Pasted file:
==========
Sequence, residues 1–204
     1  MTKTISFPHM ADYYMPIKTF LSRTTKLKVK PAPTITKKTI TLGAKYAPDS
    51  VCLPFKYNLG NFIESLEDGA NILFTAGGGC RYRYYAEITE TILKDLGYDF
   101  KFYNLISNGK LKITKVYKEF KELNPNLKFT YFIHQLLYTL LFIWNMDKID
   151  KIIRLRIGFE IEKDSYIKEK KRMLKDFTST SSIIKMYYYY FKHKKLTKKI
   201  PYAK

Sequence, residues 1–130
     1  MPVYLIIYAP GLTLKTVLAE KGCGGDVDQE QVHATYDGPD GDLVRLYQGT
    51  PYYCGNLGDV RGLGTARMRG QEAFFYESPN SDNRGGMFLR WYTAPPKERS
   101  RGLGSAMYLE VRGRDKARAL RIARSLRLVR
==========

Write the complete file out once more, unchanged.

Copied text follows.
Sequence, residues 1–204
     1  MTKTISFPHM ADYYMPIKTF LSRTTKLKVK PAPTITKKTI TLGAKYAPDS
    51  VCLPFKYNLG NFIESLEDGA NILFTAGGGC RYRYYAEITE TILKDLGYDF
   101  KFYNLISNGK LKITKVYKEF KELNPNLKFT YFIHQLLYTL LFIWNMDKID
   151  KIIRLRIGFE IEKDSYIKEK KRMLKDFTST SSIIKMYYYY FKHKKLTKKI
   201  PYAK

Sequence, residues 1–130
     1  MPVYLIIYAP GLTLKTVLAE KGCGGDVDQE QVHATYDGPD GDLVRLYQGT
    51  PYYCGNLGDV RGLGTARMRG QEAFFYESPN SDNRGGMFLR WYTAPPKERS
   101  RGLGSAMYLE VRGRDKARAL RIARSLRLVR